Medium chained fatty acids, or MCFA’ for short, continue to create a buzz in nutrition arena. Though MCFA’s are found in vegetable sources, these fatty acids are shorter chained fats (6 to 12 carbon atoms long) than the other vegetable oils (12 to 24 carbons long). Their shorter length makes them soluble in water and they are absorbed more readily than their longer chain fatty acid cousins. However, unlike many of the other vegetable oils, MCFA’s are saturated and this is where the volume on the nutritional chatter spikes.
In the past, most nutrition experts shunned all saturated fats as research showed they increased cholesterol levels (1). However, scientists are taking another look at MCFA’s. These earlier studies were performed with partially hydrogenated coconut oil, a form of “trans-fats” known to increase blood cholesterol levels.
More recent studies done with virgin coconut oil showed a beneficial increase in high density lipoproteins and this may have a beneficial effect on serum lipids. The researchers in this study suggested that lauric acid, the major MCFA found in coconut milk, may be a better alternative to partially hydrogenated fats when solid fats are required in food (2). Other research suggests that MCFA’s may help in maintaining a healthy weight after a weight reduction diet (3).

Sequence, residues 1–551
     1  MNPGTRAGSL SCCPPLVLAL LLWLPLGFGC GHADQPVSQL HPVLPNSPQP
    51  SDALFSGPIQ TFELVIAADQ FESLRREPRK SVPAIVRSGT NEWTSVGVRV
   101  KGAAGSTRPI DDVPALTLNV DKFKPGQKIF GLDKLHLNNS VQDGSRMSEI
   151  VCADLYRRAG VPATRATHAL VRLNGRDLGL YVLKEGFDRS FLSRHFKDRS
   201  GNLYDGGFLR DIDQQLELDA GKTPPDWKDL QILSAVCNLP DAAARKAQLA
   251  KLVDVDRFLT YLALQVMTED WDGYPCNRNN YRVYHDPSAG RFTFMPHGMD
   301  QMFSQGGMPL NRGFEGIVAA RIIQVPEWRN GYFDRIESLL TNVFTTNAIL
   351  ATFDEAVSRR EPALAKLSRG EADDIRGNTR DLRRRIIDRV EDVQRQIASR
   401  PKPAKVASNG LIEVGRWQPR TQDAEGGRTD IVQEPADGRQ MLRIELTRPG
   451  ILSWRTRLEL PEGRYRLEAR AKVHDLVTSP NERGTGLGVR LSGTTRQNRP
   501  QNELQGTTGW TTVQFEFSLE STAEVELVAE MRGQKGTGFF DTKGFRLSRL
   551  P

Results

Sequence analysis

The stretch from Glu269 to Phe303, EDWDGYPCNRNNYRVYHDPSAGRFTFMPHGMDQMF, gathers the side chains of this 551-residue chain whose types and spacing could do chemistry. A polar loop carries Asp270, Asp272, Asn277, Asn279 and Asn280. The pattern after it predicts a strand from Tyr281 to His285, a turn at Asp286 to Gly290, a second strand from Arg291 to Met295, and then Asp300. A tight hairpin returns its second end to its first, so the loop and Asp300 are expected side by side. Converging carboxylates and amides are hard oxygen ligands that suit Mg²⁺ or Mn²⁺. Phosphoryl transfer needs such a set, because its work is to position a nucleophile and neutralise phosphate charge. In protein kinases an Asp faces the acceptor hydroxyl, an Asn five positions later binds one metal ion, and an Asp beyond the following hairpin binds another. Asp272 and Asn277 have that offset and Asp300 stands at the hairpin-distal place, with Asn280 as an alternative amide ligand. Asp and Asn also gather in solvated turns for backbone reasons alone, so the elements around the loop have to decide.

Coconut milk has long been associated with Ayurveda traditions. Ayurveda is an ancient Indian system of holistic medicine that seeks to address health issues in individuals through the use of herbs, aromas, oils, meditation and yoga.
In addition to its rich calcium content, coconut milk is abundant in electrolytes that are helpful in treating dehydration. Coconut milk also has antimicrobial properties in the gut. In fact, it is beneficial in healing mouth ulcers or stomach ulcers induced by medications (4).
Much of the buzz around coconut milk is simply because of its rich, creamy and yummy taste. Once a familial ingredient in many a ethnic dish, it now has moved to center stage as a delicious beverage. So drink coconut milk in good health!
- *RP Mensink, “Effects of stearic acid on plasma lipid and lipoproteins in humans,” Lipids (2005);40, no. 12:1201-1205.
- Mensink RP, Zock PL, Kester AD, Katan MB . “Effects of dietary fatty acids and carbohydrates on the ratio of serum total to HDL cholesterol and on serum lipids and apolipoproteins: a meta-analysis of 60 controlled trials” (pdf). Am. J. Clin. Nutr. 77 (5): 1146–55.
- St-Onge MP and Jones, P, “Physiologic Effects of Medium Chain Triglycerides: Potential Agents in the Treatment of Obesity” Am Soc Nutritional Sciences J. Nutr. 132:329-332, 2002
- Neli RO, Woyike OA. (2008). “Antiulcerogenic effects of coconut (Cocos nucifera)extract in rats” Phytother Res. 22:970-972